There Will Be No School Food Bill By the End of the Year

It's official. The CNR, the most important piece of school food legislation, is now in the hands of the Republican-controlled Congress.


School lunch policy ground to a halt yesterday—at least for the time being. Senate Agriculture Committee Chairman Pat Roberts (R-Kansas) issued a statement announcing that no agreement could be reached in this Congressional session on the pending Child Nutrition Reauthorization (CNR), which is now long overdue.

The CNR is the every-five-year Congressional review and reauthorization of all child nutrition programs, including the school lunch program. The 2010 CNR ushered in the greatly improved school nutrition standards championed by Michelle Obama (Think: more whole grains and more fruits and vegetables). Then, just two years later, the School Nutrition Association (SNA) proposed rolling back some of those reforms. The SNA found allies in Congress among conservative House Republicans, and the debate over school food became unusually rancorous and partisan.

In January, the Senate Agriculture Committee managed to hammer out a bipartisan agreement that seemed to satisfy the major stakeholders, and it looked like the school food fight was coming to an end. But the CNR bill drafted by the House Education & the Workforce Committee in April was another story.

As I outlined earlier this year, the House CNR bill would have weakened nutrition standards, significantly limited the Community Eligibility Provision (which provides free meals to students in low-income areas without paperwork or stigma), and opened the junk food floodgates on school campuses by gutting the Smart Snacks rules for competitive food. The House bill also proposed a three-state block grant pilot for school meals, an idea which was seen by some as a precursor to dismantling the entire National School Lunch Program.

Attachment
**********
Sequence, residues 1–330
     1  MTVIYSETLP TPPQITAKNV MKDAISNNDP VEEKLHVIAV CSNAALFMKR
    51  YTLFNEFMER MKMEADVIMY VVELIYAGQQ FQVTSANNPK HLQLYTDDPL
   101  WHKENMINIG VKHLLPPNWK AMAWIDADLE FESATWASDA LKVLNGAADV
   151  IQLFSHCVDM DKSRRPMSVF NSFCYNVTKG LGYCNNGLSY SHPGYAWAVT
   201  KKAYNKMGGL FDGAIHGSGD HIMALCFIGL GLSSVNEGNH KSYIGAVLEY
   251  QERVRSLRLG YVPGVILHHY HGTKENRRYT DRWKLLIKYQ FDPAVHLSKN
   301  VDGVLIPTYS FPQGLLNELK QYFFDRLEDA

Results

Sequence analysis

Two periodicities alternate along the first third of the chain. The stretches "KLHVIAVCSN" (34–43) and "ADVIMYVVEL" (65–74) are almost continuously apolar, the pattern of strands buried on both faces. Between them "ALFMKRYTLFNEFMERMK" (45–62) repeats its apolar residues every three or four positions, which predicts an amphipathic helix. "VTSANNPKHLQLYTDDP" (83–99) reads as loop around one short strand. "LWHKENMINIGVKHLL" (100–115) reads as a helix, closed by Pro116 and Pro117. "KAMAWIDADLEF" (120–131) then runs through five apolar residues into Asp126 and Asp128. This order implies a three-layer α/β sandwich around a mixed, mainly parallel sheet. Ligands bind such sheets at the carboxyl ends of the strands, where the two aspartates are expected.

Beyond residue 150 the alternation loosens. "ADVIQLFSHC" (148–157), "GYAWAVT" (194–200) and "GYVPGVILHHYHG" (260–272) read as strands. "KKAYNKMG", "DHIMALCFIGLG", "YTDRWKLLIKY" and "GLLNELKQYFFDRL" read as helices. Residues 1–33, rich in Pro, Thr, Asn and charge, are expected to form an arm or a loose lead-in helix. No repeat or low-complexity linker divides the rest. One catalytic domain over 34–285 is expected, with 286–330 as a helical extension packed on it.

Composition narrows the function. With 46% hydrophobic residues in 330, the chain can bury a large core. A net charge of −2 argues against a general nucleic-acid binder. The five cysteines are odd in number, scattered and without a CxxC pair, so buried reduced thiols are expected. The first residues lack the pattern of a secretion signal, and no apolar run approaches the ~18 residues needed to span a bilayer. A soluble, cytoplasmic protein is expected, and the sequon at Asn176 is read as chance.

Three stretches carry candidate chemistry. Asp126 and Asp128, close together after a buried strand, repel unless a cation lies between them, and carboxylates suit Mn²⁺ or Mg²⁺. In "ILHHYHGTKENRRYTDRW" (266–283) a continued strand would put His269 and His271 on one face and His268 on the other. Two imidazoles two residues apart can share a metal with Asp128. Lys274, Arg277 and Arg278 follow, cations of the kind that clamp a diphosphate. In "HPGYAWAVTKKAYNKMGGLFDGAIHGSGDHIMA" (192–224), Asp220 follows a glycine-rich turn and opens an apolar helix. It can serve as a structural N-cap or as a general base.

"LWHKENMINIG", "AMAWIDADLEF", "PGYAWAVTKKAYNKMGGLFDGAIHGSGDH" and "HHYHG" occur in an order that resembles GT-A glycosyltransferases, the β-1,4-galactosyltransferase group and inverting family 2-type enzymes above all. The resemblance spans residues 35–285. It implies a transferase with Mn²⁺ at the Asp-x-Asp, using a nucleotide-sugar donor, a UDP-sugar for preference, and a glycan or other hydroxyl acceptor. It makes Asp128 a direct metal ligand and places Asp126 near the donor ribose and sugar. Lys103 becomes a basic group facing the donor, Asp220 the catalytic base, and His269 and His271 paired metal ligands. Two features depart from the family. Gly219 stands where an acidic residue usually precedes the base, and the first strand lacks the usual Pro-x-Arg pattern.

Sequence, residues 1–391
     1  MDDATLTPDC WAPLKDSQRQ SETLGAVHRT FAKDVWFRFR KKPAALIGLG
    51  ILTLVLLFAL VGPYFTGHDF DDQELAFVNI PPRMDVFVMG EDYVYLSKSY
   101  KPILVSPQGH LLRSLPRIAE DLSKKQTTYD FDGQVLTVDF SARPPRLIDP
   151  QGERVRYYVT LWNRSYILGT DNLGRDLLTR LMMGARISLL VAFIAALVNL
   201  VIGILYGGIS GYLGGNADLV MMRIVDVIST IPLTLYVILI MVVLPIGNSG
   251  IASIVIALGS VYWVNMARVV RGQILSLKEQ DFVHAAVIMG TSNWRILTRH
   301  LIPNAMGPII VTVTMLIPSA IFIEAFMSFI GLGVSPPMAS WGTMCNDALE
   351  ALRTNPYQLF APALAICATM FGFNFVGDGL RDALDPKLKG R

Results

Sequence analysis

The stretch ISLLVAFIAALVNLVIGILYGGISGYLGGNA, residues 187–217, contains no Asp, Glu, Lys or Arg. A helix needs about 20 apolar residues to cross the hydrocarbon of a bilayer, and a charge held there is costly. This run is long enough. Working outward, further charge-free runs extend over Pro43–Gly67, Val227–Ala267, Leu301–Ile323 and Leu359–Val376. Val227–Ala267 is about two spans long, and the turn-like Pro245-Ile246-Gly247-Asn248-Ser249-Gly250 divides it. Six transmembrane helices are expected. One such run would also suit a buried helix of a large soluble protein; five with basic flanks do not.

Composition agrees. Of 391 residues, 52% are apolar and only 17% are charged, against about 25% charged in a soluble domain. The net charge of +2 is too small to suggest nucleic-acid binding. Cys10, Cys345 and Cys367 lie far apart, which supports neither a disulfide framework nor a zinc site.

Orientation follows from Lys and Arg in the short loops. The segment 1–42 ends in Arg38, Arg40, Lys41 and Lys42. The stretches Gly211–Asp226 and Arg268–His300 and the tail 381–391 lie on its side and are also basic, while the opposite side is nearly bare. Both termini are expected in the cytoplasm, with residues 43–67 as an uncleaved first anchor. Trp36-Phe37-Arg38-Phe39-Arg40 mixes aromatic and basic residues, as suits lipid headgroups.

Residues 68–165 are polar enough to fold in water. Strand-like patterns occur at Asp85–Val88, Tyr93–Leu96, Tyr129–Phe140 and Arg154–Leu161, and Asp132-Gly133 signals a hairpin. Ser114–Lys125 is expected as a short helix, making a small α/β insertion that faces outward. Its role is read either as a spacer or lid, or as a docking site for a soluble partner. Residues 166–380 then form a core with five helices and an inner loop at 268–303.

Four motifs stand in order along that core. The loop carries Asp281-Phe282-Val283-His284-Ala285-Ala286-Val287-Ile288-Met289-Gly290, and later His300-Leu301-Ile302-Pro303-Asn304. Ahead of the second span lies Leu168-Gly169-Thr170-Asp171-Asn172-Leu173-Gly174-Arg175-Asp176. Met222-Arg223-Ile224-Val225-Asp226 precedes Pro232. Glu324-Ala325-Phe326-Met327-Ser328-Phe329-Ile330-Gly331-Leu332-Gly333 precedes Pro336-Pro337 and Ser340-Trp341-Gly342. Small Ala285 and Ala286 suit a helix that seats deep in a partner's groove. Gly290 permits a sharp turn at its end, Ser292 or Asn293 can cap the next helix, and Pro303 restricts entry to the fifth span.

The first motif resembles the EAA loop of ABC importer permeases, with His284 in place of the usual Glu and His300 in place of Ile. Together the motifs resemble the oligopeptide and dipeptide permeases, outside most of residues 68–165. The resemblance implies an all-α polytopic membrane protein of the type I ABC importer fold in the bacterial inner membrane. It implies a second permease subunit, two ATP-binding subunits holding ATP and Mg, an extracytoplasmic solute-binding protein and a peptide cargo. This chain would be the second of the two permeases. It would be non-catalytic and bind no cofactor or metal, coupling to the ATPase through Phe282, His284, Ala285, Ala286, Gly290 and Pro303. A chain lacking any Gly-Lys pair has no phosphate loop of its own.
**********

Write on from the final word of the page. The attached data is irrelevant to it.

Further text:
In his statement yesterday, Roberts said he’s “very disappointed that the bipartisan, bicameral Child Nutrition Reauthorization negotiations have come to an end for the 114th Congress” and he accused his colleagues in the House and minority members of the Senate of putting “certain parochial interests and the desire for issues rather than solutions . . . ahead of the wellbeing of vulnerable and at-risk populations and the need for reform.”

It remains to be seen what will happen with the CNR in the next Congressional session, but if this year’s House bill is any indication, it doesn’t look good. Two days after the presidential election, I expressed my own grave concerns over the fate of school food reform and other child nutrition programs under a Trump White House and a Republican-controlled Congress.

Indeed, today’s Politico Morning Agriculture newsletter reports that negotiations over the CNR fell apart precisely because, “House Republicans felt entitled to a much more conservative bill after sweeping GOP victories in the election.”

That sentiment doesn’t bode well for our children.

 

This post originally appeared on The Lunch Tray.

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